World of Demons takes the stylish swordsmanship and fast combat for which developer, PlatinumGames is justly famed, and removes absolutely everything else.
That leaves your samurai protagonist wandering along a single winding path populated by various denominations of demon, each of whose souls can be harnessed in different ways in subsequent battles or the occasional light puzzle.
Provided you enjoy its pacey but fair combat, this is a laser focused fighting game that’s been engineered to remove as many distractions as possible.
Apple Arcade (Dinosaur Polo Club)
Like its older brother, Mini Metro, this is a game of town planning on the fly, as you connect an increasingly complex network of tiny, colourful houses with the commercial buildings their residents need to commute to and from.
Starting slowly and escalating in pace and difficulty, you need to make connections whilst trying to avoid bottlenecks and congestion, a task rendered easier with a limited supply of tunnels, bridges, roundabouts, and traffic lights, the latter proving especially hard to place efficiently.
Its mellow pace and drip feed of new cities make this a constant joy to while away time with on your phone.
Divinity: Original Sin 2
iPad Pro, £23.99 (Larian Studios)
There are few games in the world that offer the kind of truly open-ended role-playing of Divinity: Original Sin 2. From solo beginnings you can choose to form a party or not, as you take on side quests and a central story fraught with moral quandaries.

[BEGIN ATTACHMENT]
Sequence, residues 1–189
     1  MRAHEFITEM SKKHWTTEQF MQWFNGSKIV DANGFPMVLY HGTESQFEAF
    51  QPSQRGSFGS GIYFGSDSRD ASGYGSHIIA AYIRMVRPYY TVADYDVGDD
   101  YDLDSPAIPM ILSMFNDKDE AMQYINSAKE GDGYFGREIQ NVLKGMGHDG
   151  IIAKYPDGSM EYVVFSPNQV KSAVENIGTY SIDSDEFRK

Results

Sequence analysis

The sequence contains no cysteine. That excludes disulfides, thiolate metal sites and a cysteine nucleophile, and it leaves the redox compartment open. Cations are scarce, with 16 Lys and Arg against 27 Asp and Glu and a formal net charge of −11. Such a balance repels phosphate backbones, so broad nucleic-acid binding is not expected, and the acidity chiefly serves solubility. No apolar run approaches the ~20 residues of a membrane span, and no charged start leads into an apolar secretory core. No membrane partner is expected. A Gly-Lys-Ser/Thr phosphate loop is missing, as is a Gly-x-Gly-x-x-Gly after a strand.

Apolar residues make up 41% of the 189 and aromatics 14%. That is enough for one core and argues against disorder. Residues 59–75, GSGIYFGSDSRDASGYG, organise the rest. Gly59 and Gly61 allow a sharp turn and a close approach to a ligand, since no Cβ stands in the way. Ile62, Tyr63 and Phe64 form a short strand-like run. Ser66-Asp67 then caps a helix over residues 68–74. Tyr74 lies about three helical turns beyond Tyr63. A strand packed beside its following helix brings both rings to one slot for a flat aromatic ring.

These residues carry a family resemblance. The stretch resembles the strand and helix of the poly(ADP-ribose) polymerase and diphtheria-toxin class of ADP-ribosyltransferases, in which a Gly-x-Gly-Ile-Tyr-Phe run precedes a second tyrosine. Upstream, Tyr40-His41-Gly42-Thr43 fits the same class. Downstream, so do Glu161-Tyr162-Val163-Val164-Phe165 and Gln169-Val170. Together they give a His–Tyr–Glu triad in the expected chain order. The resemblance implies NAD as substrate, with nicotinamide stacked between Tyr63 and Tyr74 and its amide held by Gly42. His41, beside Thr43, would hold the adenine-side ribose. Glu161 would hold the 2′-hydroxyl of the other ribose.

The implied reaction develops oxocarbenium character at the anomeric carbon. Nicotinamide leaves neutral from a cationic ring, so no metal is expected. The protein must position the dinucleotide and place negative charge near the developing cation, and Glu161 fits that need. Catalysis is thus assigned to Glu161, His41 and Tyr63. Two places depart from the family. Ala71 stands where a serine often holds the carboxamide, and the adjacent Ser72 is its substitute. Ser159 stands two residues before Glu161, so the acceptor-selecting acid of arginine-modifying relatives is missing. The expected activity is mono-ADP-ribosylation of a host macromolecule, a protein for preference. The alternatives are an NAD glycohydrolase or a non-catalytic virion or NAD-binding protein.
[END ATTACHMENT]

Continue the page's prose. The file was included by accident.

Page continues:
Working surprisingly well on touchscreen, and even better with a controller, it may only currently run on an iPad Pro, and clocks in at a frankly staggering 18GB of game file, but it remains a landmark in terms of its intricacy and sense of freedom.
Expensive for a mobile game, but representing extraordinary value for money, this is the very pinnacle of Western role-playing… and you can now play it on a plane. Well, you can if you have a new iPad, find a country willing to let you in, and pass the battery of Covid testing necessary to get onboard in the first place.
Kitty Q – A Quantum Adventure
iOS & Android, Free (Philipp Stollenmayer)
Schrödinger’s Cat was originally designed as a thought experiment to debunk the insanity of quantum physics. Instead, it became the way most people are introduced to it, leading you towards a set of ideas that appear almost capriciously counter-intuitive.
Kitty Q takes the cat as its central theme and uses elegantly crafted mini-games to bring the story and the entire field of science to life for children. It’s a massive task given that it’s a subject impenetrable to most adults.
Heisenberg’s Uncertainty Principal, complex numbers, and quantum superposition are all handled concisely and with an incredible lightness of touch, in a game that manages to walk the impossible tightrope between education and entertainment.
Baba Is You
iOS & Android, £6.99 (Hempuli)
What initially appears to be a grammatically-bereft title is actually a clue that Baba Is You is a game of logic, its hero and every other aspect of its world controllable via a set of statements that you interact with by nudging them into place with Baba.
Keep getting killed by an obstacle? You can render it harmless by changing the wording governing its effect. You can also make walls permeable or indeed change yourself into a wall, or simply make the victory condition something that’s already right next you.
Starting simply and becoming spectacularly deep and ingenious, this is a puzzle game for the ages, and plays as though it were conceived with mobiles in mind.
By Nick Gillett